Medical Nutritional Therapy

What it is and why you should consider seeing a Registered Dietitian

Lara Rondinelli By Lara Rondinelli, RD, LDN, CDE

July 2013 — What is Medical Nutrition Therapy?

Medical nutrition therapy is provided by a Registered Dietitian and includes a review and analysis of a person's current diet and nutritional intake. A personalized nutrition treatment plan is developed for the client.

Medical Nutrition Therapy is covered by a variety of insurance plans. Medicare Part B covers medical nutrition therapy for diabetes and kidney disease. You may be eligible for at least 3 hours of medical nutrition therapy services in the first year of care and 2 hours each additional year. If you have private insurance, you can check with your insurance plan for specific medical nutrition therapy coverage details. Many plans may cover nutrition counseling for diabetes along with other chronic conditions, such as heart disease and obesity. You can ask your doctor for a referral to see a Registered Dietitian for medical nutrition therapy.


What is a Registered Dietitian?


A Registered Dietitian (RD) is a food and nutrition expert who takes the science and puts it into practical, personally tailored advice for healthy living. RD's can help people eat healthier, achieve a healthy weight, manage conditions such as diabetes, high blood pressure, and high cholesterol and counsel people with food allergies or intolerances. 


RD's have met many professional requirements, including:


  • Earned a bachelor's degree with course work approved by the Academy of Nutrition and Dietetics' Accreditation Council for Education in Nutrition and Dietetics (ACEND).
  • Completed an accredited, supervised practice program 
  • Passed a national examination administered by the Commission on Dietetic Registration. 
  • Completes continuing professional educational requirements to maintain registration. 

Why should people with diabetes see an RD?

Whether you are newly diagnosed with diabetes or had diabetes for 10 years, you could benefit from seeing an RD for medical nutrition therapy. An RD can look at your current diet and make specific healthy eating recommendations tailored to your life, schedule, food preferences and good health. They can suggest healthier food alternatives to current unhealthy food choices. They can look at lab results, blood glucose levels and your overall treatment plan, including oral medications or insulin, and see how food is affecting blood glucose levels. They can make recommendations on food choices, timing of meals, or snacks to help manage your blood glucose levels. RD's can assist you with carbohydrate counting or dosing insulin for carbohydrates eaten. RD's can also help those people that feel "stuck in a rut" of eating the same boring, healthy foods. An RD can introduce you to many healthy foods and show you how to include these foods into your diet daily. RD's can also help those people who say, "I know I eat horribly and my diet needs help." RD's can show people that healthy eating is possible and that it does not have to be boring and tasteless. An RD with the CDE credential (certified diabetes educator) will have more experience in dealing with diabetes.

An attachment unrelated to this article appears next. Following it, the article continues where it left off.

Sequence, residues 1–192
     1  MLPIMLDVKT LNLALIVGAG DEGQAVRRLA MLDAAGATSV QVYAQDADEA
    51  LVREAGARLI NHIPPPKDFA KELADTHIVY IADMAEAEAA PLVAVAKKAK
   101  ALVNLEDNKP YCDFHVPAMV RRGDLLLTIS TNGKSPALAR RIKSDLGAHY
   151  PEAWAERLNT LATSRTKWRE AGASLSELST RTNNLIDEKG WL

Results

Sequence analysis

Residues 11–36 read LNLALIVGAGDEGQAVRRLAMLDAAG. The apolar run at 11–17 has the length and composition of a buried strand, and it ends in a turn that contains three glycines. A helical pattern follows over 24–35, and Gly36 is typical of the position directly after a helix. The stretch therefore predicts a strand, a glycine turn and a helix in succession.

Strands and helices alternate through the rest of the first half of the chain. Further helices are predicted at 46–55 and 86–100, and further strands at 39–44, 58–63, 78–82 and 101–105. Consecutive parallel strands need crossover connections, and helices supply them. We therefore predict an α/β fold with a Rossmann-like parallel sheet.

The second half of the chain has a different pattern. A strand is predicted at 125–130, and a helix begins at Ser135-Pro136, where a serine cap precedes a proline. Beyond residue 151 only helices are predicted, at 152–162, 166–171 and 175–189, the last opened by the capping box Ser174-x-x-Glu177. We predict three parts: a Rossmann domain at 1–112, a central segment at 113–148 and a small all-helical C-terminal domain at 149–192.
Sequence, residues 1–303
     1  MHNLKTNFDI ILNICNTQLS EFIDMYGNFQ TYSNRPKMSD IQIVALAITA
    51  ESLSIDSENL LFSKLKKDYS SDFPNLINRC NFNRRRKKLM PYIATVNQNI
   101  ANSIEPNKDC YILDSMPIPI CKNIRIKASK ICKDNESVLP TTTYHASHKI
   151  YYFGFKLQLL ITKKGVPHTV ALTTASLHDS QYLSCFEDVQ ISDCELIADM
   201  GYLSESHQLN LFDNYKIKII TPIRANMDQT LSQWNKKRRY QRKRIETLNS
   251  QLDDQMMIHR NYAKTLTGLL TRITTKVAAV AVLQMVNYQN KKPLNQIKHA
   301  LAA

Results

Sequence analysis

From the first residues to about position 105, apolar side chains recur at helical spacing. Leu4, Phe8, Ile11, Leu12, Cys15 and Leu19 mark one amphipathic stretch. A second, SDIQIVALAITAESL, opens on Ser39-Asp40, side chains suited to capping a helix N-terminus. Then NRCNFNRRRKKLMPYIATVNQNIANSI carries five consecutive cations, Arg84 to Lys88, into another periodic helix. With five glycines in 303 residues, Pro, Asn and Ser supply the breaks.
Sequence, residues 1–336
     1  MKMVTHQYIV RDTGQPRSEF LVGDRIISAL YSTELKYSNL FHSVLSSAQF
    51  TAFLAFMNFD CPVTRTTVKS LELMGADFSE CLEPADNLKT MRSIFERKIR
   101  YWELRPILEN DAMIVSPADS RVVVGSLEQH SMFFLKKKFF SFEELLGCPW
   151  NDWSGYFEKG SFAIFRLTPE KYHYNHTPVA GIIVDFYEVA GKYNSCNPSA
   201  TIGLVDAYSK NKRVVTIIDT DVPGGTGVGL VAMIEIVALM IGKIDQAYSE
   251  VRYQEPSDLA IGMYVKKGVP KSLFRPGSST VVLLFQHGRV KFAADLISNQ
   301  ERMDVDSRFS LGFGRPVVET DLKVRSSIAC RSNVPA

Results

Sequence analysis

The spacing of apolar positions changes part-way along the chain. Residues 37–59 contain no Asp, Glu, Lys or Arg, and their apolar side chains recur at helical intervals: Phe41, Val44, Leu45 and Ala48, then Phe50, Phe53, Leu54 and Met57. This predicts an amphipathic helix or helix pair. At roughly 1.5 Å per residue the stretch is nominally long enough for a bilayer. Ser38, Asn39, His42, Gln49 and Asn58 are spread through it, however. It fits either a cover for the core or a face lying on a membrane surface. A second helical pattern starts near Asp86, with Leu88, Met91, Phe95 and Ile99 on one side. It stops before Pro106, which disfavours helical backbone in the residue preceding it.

Don't wait any longer. Ask your doctor for a referral to see an RD for medical nutrition therapy. You may leave the appointment feeling energized to start a healthier diet and be on a road to better health. I've had many people say, "I wish I would have come sooner, this wasn't as bad as I thought. I can do this!"

Read Lara's bio here.

Read more of Lara Rondinelli's columns.

NOTE: This information is not intended to be a replacement or substitute for consultation with a qualified medical professional or for professional medical advice related to diabetes or another medical condition. Please contact your physician or medical professional with any questions and concerns about your medical condition.

Last Modified Date: July 23, 2013

All content on is created and reviewed in compliance with our editorial policy.

More On This Topic

No items are associated with this tag
1220 Views 0 comments
by Brenda Bell
As I mentioned in an earlier post, one of the benefits that made it cost-effective for me to go with the real healthcare (HSA) plan rather than the phony (HRA) plan is that my company is now covering "preventative" medicines at $0 copay. The formulary for these, as stated by CVS/Caremark (my pharmacy benefits provider), covers all test strips, lancets, and control solutions. I dutifully get my doctor to write up prescriptions for all of my testing needs, submit...
  • Watch dLifeTV online now!

    Click here for more info
  • Join the #1 Diabetes Community.

    Join Today!
  • Everything you need to know about Insulin.

    Click here